Multiple performance standards by medical societies have been developed for catheter-based cervicocerebral diagnostic and therapeutic interventions.69-74 These standards reiterate the fundamental need for an understanding of neurological pathophysiology, anatomy, critical care, and diagnostic modalities in those who perform the interventions and recognize the unforgiving nature of complications within the central nervous system. Thus, existing standards require a dedicated year of formal neurodiagnostic or vascular neurology training beyond radiology or neurology residency before entering into training in endovascular surgical neuroradiology.69 Furthermore, a minimum of 100 appropriately supervised cervicocerebral angiograms is needed for credentialing before interventional training.69-71,75,76 Lastly, because the interpretation of an angiogram is as important as the technique, operators are required to recognize and, if needed, to address all possible neurovascular processes, thereby precluding a limited form of credentialing.69 Acknowledging the importance and permanence of the endovascular paradigm to cerebrovascular neurosurgery, neurosurgical residency programs are now required to incorporate endovascular training into their curriculum.68,70,71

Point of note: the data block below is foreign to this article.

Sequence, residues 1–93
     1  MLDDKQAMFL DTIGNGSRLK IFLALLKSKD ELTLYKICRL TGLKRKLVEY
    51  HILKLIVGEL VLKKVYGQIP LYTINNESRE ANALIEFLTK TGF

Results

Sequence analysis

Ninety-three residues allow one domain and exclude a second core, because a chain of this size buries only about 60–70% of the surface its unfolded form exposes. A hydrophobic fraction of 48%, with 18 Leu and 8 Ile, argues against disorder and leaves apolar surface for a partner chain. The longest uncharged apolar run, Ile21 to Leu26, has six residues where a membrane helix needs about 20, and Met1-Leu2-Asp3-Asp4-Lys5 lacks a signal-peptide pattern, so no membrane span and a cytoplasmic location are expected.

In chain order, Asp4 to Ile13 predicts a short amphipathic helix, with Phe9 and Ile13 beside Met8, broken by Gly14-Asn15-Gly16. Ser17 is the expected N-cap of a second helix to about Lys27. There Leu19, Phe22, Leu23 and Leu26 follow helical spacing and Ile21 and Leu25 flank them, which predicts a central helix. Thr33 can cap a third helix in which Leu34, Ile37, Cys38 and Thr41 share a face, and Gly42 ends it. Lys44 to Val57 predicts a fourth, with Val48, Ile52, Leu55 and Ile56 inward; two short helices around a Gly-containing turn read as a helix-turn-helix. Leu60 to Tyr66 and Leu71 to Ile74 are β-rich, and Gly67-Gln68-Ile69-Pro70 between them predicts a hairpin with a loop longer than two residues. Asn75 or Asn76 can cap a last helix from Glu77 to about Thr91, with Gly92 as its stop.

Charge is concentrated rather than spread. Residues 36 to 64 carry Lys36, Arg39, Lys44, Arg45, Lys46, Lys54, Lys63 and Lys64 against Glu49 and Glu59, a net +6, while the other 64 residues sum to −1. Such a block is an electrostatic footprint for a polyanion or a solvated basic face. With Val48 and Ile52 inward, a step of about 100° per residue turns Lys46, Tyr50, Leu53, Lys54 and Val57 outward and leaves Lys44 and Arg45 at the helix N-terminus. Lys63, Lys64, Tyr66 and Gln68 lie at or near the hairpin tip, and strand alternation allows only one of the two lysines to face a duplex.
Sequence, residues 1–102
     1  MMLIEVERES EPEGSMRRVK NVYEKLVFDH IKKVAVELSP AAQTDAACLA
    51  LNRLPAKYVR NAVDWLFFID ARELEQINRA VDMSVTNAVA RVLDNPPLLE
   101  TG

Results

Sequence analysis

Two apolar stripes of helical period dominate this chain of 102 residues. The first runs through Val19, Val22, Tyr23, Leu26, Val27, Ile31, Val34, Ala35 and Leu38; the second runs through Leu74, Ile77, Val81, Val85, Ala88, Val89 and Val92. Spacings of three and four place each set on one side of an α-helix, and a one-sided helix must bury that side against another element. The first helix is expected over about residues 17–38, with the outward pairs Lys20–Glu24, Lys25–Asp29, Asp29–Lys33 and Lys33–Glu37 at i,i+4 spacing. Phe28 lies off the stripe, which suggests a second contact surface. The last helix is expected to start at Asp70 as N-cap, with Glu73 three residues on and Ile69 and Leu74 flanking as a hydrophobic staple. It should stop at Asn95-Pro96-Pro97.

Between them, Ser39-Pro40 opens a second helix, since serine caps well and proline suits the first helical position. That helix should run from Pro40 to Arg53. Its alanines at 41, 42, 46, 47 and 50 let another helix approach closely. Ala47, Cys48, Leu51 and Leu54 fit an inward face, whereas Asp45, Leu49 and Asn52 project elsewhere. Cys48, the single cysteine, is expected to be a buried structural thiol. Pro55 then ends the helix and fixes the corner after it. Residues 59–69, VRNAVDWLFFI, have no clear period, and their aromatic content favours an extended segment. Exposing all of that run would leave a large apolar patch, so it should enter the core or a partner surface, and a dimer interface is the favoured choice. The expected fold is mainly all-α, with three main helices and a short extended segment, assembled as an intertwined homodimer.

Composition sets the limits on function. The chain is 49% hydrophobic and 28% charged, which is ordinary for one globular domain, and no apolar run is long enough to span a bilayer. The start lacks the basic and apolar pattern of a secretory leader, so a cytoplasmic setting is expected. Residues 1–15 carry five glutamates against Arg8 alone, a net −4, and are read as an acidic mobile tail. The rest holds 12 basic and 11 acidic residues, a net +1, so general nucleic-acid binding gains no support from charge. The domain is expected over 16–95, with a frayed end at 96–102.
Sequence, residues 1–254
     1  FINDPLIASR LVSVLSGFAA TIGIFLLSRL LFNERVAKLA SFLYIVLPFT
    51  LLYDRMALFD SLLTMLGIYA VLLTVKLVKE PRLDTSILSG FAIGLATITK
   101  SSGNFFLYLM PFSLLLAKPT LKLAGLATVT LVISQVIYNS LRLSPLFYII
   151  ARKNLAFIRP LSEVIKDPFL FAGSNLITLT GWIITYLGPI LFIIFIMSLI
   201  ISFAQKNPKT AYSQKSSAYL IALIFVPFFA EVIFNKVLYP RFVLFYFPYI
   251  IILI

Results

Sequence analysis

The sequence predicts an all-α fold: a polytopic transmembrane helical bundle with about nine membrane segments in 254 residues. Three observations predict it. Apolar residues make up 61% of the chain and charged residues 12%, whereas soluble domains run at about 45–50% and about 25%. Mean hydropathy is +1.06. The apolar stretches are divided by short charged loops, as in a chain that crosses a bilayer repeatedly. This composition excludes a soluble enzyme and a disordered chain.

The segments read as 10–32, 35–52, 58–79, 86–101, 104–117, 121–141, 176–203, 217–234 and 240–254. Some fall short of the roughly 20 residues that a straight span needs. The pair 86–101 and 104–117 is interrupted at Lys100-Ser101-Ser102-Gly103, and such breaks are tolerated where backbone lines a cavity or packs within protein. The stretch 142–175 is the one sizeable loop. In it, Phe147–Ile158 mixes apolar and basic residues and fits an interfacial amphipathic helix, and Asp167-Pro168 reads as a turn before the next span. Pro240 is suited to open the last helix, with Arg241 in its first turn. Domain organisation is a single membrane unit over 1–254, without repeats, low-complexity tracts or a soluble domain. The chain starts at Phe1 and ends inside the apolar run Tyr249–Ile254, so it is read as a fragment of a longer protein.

These standards provide the pathways necessary to produce clinicians with the acumen to perform endovascular interventions, but they do not tell us the requirements of today’s generation of cerebrovascular neurosurgeons. With the knowledge we have and will continue to acquire, it becomes apparent that endovascular technique can be first-line treatment, as in the case of ruptured or giant aneurysms; complementary to open technique, as in the case of carotid disease; or second to medical therapy, as in the case of intracranial atherosclerosis. Furthermore, the combined use of endovascular technique with open surgery, as in the case of tumor or AVM resection, reaffirms its longevity and adjunctive nature as a tool for preoperative planning. As technology progresses, so will the applications of endovascular technique, and the lines between neurology, neurosurgery, and radiology will continue to blur. For these reasons, neurosurgery remains the ideal discipline to understand when and how to use endovascular tools to treat all vascular disease that affects the nervous system. Today’s generation of cerebrovascular neurosurgeons must incorporate these tools into their armamentarium because their use will continue to serve as minimally invasive alternatives in treating cerebrovascular disease.